In the wake of the 2016 election, feminism is on fire. From the women-led Black Lives Matter movement and the WOC-led Women’s March to the mass public revelations of sexual harassment and assault, America hasn’t seen a groundswell like this since the Second Wave. And yet, the history of injury among women within the movement is a wound that has yet to be meaningfully acknowledged, much less healed. Drawing lessons from the First and Third Waves, activist-authors Rebecca Walker and Helen LaKelly Hunt discuss what is overlooked in our current moment of political strength and offers tools to build an affirmative culture that can contain difference and meaningfully address white supremacy.
Rebecca Walker is an American writer, feminist, and activist. Walker has been regarded as a prominent feminist voice since she published an article in 1992 in Ms. magazine in which she proclaimed, “I am the Third Wave.” Walker’s writing, teaching, and speeches focus on race, gender, politics, power, and culture. In her activist work, she co-founded the Third Wave Fund that morphed into the Third Wave Foundation, an organization that supports young women of color, queer, intersex, and trans individuals to find the tools and resources they need to be leaders in their communities through activism and philanthropy.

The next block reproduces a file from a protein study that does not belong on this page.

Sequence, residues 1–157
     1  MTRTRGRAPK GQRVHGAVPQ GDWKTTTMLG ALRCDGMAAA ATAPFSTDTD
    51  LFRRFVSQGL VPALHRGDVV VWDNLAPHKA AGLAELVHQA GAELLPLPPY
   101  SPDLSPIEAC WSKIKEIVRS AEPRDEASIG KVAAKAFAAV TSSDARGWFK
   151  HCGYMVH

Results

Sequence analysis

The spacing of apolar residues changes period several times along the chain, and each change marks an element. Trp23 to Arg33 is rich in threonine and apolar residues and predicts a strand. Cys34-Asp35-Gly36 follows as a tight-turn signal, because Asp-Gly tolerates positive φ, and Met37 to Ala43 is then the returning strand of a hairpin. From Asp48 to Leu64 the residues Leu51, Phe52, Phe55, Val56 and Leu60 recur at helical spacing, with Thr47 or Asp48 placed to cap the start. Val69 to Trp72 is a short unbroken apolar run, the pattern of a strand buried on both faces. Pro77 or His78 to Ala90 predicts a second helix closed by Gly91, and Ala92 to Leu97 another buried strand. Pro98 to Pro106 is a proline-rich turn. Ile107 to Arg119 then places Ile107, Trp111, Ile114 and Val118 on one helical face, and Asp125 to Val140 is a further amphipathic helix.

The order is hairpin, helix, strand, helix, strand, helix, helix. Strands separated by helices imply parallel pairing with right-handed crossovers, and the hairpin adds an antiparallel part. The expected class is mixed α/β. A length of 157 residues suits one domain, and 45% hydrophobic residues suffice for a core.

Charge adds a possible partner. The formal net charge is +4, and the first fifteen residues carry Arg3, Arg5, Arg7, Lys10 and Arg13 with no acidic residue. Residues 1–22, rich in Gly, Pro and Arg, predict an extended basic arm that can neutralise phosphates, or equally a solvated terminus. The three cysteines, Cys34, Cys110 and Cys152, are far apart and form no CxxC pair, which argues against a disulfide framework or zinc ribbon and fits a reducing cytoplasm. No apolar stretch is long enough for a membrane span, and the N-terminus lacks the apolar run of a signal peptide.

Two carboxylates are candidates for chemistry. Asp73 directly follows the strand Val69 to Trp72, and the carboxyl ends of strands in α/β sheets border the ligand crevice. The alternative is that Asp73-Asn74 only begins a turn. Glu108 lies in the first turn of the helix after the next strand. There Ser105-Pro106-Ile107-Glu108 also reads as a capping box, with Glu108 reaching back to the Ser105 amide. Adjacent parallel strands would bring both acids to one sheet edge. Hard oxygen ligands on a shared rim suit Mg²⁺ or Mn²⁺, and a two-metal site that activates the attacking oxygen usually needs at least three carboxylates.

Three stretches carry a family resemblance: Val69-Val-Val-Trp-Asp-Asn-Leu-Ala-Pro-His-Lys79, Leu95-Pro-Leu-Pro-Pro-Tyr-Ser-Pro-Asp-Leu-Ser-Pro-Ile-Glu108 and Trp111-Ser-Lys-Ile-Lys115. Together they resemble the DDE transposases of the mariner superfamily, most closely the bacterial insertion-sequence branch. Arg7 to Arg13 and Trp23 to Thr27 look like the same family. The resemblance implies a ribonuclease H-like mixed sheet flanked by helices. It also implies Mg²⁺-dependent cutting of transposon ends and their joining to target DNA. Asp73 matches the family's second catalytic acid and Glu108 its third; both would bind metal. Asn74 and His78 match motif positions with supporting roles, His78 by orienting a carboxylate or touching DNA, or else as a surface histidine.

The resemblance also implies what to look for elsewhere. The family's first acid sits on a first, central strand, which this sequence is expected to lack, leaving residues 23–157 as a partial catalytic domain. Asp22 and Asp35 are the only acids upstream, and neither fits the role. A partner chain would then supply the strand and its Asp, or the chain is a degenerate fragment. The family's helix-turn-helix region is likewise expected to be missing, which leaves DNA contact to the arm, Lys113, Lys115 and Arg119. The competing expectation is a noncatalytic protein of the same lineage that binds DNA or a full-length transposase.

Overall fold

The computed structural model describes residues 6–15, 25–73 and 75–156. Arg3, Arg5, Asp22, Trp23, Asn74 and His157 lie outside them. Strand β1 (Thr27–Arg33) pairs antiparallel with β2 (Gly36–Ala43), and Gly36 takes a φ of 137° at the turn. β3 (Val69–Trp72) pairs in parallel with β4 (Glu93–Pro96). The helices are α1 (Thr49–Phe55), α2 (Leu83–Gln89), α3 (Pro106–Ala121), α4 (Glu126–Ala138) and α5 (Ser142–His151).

Helen LaKelly Hunt is one of a small army of women who helped to seed the women’s funding movement. She co-founded The Dallas Women’s Foundation, The New York Women’s Foundation, The Women’s Funding Network and Women Moving Millions. She is the author of Faith and Feminism: A Holy Alliance and her latest release, And the Spirit Moved Them, shares the radical history of the abolitionist feminists. Her private foundation, The Sister Fund, focuses on faith, feminism and relationship, all three intrinsic to women’s wholeness. Helen was inducted into the National Women’s Hall of Fame in 2001. In addition, she has co-authored several books with her partner, Harville Hendrix, on Imago Relationship Therapy. They are now working to disseminate Safe Conversations, a new relational technology, that can help manifest the feminist vision to create a more relational culture.